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he Legend of Palazzo Penne

Many of the buildings that you see in the historic center of Naples along via dei Tribunali or Spaccanapoli are from the 1500s and 1600s, built at a time when the Spanish viceroys encouraged landholders from the provinces to move into the city. A number of earlier buildings go almost unnoticed and are, in many cases, in terrible condition—not at all surprising since they have gone through at least 600 years of wear & tear, earthquakes, fires, floods, and, recently, neglect.

Palazzo Penne (photo, right) is one of these. It is at a small square called Piazza Teodoro Monticelli, not far from the church of Santa Maria la Nova, and was built around the year 1400 by Antonio da Penne, the secretary to Ladislao of Durazzo, ruler of Naples (see "Dynasties" for a time-line of dynastic rule). The building is easily distinguished by the Tuscan-type ashlar facade, one of the few buildings in Naples to have such. It was inhabited as recently as the 1970s and apparently is still lived in by some squatters. The building is in the throes of an on-again/off-again restoration project potentially financed by UNESCO as an historical monument worth saving. For the past five years or so, the property has been the subject of a tug-of-war between private parties and the Orientale University, which would like to have it restored as a site for classrooms. At this point, all you can say is that the place is a totally degraded mess.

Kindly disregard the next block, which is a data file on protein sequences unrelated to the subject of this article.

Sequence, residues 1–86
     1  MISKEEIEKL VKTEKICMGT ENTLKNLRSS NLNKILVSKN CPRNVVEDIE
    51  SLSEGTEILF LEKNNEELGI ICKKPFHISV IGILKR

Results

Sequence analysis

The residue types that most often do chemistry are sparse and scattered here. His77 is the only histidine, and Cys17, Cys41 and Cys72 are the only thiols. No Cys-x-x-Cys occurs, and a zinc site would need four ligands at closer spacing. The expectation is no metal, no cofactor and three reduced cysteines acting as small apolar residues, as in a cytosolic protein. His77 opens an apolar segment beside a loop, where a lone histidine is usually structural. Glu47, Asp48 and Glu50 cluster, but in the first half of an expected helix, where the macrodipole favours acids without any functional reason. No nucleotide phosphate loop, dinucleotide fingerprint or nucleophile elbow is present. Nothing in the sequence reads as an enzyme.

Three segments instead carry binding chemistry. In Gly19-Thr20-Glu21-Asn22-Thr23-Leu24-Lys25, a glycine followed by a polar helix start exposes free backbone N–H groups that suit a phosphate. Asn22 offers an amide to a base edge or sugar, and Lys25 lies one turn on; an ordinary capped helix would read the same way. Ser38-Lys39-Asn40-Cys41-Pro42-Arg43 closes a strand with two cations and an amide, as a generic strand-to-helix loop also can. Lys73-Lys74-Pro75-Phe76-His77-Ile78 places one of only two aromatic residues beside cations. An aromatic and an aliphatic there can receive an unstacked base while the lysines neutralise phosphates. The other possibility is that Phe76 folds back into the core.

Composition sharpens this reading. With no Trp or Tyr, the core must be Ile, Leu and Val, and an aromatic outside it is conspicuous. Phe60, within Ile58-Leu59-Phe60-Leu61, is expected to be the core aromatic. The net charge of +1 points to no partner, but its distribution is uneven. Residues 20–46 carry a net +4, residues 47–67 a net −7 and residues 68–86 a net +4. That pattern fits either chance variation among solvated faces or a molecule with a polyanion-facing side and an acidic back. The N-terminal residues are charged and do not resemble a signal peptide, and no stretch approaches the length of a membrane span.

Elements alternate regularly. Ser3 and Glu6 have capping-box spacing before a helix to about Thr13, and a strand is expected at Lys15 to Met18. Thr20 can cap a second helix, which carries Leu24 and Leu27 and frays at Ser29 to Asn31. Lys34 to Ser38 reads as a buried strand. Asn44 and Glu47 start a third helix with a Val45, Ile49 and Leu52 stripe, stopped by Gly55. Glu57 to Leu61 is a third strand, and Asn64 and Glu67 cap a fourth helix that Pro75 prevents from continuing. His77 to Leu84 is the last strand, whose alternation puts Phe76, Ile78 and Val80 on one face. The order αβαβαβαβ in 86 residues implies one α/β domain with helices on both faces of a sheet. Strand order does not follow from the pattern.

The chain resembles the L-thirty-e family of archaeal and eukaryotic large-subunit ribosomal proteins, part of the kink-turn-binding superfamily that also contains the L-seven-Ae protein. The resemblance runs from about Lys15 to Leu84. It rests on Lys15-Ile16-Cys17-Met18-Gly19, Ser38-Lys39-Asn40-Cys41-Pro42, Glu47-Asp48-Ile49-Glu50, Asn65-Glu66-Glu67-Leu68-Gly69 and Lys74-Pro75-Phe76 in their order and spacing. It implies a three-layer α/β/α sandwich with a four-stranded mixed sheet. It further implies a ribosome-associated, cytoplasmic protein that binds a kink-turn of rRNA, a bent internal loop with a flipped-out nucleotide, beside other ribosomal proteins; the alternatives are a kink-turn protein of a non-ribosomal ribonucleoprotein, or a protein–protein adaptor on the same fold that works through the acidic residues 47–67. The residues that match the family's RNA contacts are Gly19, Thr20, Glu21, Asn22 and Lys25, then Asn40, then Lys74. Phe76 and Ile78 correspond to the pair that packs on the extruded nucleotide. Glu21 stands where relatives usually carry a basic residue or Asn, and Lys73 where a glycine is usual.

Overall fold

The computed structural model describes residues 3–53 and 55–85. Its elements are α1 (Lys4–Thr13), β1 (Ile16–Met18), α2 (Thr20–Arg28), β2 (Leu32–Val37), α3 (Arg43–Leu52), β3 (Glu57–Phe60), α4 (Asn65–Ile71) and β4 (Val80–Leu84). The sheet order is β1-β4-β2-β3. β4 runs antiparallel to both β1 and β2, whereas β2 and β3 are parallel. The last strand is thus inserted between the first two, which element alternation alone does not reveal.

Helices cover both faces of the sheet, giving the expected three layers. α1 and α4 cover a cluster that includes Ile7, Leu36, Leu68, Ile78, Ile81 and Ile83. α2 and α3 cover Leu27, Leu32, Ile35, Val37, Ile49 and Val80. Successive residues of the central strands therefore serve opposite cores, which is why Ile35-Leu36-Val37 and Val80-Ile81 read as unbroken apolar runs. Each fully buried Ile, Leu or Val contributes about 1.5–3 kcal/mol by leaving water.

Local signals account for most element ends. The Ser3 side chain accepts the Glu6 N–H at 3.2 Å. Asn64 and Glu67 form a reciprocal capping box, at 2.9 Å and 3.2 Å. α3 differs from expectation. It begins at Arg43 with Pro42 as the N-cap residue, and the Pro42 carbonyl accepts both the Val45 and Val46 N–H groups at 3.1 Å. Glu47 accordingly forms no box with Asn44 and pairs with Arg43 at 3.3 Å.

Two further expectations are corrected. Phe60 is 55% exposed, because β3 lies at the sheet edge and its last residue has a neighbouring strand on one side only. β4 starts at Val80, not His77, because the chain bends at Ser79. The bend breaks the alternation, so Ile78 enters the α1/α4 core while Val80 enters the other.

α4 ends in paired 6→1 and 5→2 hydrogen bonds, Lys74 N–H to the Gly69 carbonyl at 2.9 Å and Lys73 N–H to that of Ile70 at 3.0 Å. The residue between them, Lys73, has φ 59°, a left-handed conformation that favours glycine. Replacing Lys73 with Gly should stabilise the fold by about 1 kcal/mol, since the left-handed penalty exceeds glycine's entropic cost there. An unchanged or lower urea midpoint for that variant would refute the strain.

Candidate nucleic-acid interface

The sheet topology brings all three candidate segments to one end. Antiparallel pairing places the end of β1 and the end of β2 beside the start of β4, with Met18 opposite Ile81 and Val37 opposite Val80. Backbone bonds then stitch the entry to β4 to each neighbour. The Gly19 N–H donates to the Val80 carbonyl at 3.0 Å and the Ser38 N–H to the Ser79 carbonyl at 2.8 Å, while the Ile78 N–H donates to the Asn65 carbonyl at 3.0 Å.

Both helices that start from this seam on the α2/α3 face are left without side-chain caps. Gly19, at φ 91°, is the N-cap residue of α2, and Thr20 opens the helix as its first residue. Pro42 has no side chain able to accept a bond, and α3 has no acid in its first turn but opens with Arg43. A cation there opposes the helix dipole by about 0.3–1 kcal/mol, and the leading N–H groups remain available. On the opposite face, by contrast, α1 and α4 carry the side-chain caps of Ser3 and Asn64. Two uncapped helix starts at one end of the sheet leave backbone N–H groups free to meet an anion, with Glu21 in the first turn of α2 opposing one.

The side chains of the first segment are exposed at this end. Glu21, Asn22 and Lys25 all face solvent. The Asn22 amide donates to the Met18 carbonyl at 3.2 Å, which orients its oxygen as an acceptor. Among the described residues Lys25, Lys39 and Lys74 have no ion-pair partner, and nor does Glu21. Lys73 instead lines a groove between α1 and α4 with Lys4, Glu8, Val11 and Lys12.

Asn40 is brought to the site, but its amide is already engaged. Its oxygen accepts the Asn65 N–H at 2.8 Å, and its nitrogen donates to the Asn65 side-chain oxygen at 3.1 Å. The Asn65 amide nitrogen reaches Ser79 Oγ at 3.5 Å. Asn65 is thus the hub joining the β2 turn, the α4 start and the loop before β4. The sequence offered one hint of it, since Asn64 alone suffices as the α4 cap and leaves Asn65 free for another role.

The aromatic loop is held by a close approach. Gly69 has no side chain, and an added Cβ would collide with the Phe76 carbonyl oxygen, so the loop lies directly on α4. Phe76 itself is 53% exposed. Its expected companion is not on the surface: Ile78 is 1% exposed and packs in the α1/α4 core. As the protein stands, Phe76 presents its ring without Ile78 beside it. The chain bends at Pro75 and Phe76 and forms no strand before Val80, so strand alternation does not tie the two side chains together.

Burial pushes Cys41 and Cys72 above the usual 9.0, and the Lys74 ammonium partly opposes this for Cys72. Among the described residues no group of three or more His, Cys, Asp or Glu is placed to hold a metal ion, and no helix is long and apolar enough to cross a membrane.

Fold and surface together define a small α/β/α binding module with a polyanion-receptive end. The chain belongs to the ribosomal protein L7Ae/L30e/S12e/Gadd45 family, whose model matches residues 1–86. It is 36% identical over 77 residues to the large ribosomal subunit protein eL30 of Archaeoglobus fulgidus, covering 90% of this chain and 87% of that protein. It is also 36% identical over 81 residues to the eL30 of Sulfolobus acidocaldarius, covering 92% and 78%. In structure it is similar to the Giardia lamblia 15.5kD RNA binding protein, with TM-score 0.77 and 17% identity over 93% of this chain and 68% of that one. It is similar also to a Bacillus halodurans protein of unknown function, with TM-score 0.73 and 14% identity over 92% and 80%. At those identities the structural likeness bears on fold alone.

The most interesting thing about Palazzo Penne is the legend connected with it. Local lore calls the palazzo “the devil’s building.” It seems that Antonio Penne decided to impress the woman he was wooing with a new home that would be built in a single night. He did this with the help of the devil—in exchange for his own immortal soul, however. The contract stipulated that the devil, before taking Antonio’s soul, was required to count all of the grains of wheat strewn from a sack onto the courtyard within the building. Clever Antonio, however, threw a goodly amount of pitch into the sack, fusing the individual grains of wheat into an amorphous mess, impossible to count. The devil went and hid himself in the well in the center of the courtyard, promising revenge. There have always been other wells in the courtyard, but none in the center, which fact was presumably enough to put your average medieval home-owner at ease. Just an old legend—no well, no devil! Recent work on the building, however, appears to have discovered another well right where the devil said he would be waiting.

Local mythologists claim to see the image of the devil—or at least a gargoyley-looking critter—in one of the patterns of the facade. Each individual protruding ashlar brick has a pattern, usually a fleur-de-lis, the symbol of the Angevin dynasty, which ruled Naples when the building was put up. Additionally, along the top of the facade is a row of 13 trefoil arches. The sixth one from the right (detail, above photo) has such an image. As far as I can tell, it is unique among the patterns on the facade and was presumably put there by the original owner. Technically, the figure is called a grotesque and not a gargoyle (which in the precise terminolgy of architecture applies only to waterspouts, grotesque or not); in any case, such grotesque figures were common as good-luck charms on medieval buildings all over Europe. They are not uncommon in Naples.


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